Federal regulators are accusing brokerage firm Stifel Nicolaus & Co. of civil fraud in its sales of risky complex investments to five Wisconsin school districts that lost all of the $200 million they invested.
The Securities and Exchange Commission announced the lawsuit Wednesday against St. Louis-based Stifel Nicolaus and former senior vice president David Noack. The SEC said they misled officials of the school districts by telling them the investments made in 2006, which ended up failing, were safe. The investments were linked to default insurance protection on corporate bonds. The school districts' credit ratings were downgraded as a result.
Stifel Financial Corp., the brokerage firm's parent, disputed the SEC's allegations and said it will challenge them in court.
In its suit filed in federal court in Milwaukee, the SEC is seeking unspecified restitution and fines against Stifel Nicolaus and Noack.
It was the latest SEC case targeting brokerage firms' sales of complex investments in the run-up to the financial crisis that hit with full force in 2008. Last year Goldman Sachs paid $550 million to settle similar civil fraud charges. That was the largest penalty against a Wall Street firm in SEC history.
Goldman was accused of steering investors toward complex mortgage investments without telling the buyers that the securities had been crafted with input from a client that was betting they would fail. In June, JPMorgan Chase & Co. agreed to pay $153.6 million to settle the SEC's civil fraud charges that it misled buyers of mortgage investments just as the U.S. housing market was collapsing.
An attorney representing Noack didn't return telephone calls seeking comment.
As was the case with Goldman and JPMorgan, the investments sold by Stifel Nicolaus were so-called collateralized debt obligations, securities backed by pools of other assets. They plummeted in value after the financial crisis struck as investors fled all but the safest forms of debt.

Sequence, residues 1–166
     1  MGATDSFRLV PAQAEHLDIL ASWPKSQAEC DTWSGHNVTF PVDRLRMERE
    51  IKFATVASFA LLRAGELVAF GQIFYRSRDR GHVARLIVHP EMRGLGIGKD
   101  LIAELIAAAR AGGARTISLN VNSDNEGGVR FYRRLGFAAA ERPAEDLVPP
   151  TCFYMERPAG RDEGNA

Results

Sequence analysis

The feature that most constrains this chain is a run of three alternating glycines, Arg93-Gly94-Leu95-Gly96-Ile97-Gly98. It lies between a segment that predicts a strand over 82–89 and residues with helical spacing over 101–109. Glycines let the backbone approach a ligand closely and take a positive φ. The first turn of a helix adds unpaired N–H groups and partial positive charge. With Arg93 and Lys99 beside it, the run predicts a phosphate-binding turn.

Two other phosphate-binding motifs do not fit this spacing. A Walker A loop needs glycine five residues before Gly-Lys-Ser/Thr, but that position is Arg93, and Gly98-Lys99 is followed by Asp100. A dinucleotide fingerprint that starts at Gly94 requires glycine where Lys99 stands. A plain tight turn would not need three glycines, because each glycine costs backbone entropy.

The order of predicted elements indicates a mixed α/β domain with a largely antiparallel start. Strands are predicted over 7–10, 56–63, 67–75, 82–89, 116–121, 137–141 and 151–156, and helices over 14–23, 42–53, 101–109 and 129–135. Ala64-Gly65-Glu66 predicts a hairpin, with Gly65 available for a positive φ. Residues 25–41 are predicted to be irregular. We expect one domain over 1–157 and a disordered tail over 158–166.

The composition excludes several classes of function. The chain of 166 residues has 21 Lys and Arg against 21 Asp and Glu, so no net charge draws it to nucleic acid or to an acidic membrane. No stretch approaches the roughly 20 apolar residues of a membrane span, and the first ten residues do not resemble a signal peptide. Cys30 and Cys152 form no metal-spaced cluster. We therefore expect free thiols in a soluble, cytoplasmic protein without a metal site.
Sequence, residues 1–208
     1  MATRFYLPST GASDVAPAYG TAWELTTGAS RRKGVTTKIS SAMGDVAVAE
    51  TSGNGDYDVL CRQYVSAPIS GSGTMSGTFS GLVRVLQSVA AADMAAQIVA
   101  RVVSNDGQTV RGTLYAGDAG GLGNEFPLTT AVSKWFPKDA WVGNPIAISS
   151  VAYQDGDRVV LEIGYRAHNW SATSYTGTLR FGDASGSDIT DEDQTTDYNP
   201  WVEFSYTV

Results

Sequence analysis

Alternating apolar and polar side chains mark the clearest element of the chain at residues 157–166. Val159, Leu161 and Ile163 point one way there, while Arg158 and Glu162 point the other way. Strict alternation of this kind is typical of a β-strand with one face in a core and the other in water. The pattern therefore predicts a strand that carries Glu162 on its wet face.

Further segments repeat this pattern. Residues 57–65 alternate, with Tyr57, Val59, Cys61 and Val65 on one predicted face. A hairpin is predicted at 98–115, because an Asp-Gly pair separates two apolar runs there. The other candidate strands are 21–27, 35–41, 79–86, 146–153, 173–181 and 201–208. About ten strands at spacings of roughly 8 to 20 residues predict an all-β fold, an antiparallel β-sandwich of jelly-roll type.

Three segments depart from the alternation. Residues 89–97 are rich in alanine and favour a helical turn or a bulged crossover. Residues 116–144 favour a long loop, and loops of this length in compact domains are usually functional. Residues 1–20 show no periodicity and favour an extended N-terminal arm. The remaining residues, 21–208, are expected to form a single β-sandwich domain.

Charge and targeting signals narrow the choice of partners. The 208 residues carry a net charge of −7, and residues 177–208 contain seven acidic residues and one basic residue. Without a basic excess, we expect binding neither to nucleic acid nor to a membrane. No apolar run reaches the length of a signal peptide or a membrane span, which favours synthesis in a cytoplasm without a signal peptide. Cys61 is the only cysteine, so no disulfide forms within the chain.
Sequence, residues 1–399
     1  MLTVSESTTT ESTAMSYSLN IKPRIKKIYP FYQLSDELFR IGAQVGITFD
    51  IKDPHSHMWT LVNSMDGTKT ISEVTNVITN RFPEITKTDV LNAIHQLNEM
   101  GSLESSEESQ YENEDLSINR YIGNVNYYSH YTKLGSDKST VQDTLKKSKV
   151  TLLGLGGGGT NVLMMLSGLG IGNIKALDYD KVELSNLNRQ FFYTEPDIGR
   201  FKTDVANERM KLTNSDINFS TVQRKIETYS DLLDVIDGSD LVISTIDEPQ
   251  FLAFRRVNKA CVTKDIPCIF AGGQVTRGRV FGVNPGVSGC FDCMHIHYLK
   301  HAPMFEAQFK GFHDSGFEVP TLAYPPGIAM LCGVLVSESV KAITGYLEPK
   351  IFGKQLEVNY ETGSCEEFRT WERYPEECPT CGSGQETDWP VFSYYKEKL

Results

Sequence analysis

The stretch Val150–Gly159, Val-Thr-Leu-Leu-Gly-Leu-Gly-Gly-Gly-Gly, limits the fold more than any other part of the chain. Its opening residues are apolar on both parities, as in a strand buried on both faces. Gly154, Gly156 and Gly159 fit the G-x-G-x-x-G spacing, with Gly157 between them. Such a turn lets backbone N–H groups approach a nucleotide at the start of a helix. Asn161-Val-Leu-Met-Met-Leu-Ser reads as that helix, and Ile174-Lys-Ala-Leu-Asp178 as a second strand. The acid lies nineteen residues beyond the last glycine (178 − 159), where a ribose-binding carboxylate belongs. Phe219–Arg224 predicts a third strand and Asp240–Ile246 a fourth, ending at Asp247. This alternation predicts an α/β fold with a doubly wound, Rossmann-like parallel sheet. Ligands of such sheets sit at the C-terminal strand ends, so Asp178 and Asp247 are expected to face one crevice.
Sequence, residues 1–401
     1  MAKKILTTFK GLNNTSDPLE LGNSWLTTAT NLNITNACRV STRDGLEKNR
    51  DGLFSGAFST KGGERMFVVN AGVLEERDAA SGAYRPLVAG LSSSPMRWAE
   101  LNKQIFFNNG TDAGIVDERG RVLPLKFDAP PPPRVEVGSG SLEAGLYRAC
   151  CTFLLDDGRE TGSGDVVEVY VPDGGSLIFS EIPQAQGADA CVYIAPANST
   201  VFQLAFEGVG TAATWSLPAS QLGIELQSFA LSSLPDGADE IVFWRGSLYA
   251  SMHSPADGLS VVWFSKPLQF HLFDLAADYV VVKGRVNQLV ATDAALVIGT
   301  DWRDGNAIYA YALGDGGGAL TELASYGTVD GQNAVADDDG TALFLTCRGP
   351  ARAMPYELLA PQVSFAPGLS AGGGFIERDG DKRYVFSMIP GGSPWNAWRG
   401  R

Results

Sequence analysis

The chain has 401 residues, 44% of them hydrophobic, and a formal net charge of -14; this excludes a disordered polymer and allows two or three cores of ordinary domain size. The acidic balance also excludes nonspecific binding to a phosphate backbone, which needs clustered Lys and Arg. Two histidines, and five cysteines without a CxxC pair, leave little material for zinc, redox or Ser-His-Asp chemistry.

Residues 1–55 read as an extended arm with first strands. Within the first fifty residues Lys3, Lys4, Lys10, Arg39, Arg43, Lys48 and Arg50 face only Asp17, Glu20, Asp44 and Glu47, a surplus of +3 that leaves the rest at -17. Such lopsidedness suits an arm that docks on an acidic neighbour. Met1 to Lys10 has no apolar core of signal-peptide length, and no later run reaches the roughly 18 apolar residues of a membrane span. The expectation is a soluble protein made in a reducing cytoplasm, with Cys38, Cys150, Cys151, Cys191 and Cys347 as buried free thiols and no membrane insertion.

The five Wisconsin school districts are Kenosha Unified School District No. 1, Kimberly Area School District, School District of Waukesha, West Allis-West Milwaukee School District and School District of Whitefish Bay.
The school districts themselves sued Stifel Nicolaus and the Royal Bank of Canada, which put the investments together, in 2008 in Milwaukee County Circuit court.
"The districts are gratified that the SEC has issued fraud charges against Stifel and Noack," Stephen Kravit, an attorney for the school districts, said in a statement Wednesday. "The filing by the SEC of a parallel lawsuit to our case is proof that the districts are following a just path, and that they are ever closer to recovering their losses from this fraud."
The SEC said the investments sold by Stifel Nicolaus were unsuitable for the school districts and at odds with their conservative, risk-averse investment goals. The districts borrowed $162.7 million of their $200 million investment, according to the agency.
Stifel Financial, in a statement, said the investments were suitable "based on what we knew in 2006." The school districts read the offering materials and understood the risks of the investments, it said.
"If there is an issue in this case, it is with the manufacture and management of the investments" by Royal Bank of Canada, the company said. Royal Bank of Canada hid important information on the investments from Stifel and the school districts, the statement said.
But Royal Bank of Canada disputed that. "Stifel's claims are without merit. We take exception to Stifel's attempt to deflect blame without acknowledging their own central role in the school districts' losses," said Kevin Foster, a spokesman for RBC Capital Markets.
Stifel on its own conceived of the investments and persuaded its longstanding school district clients to participate, arranged financing, and told Royal Bank of Canada in writing that it had determined that type of investment was suitable for the districts, Foster said.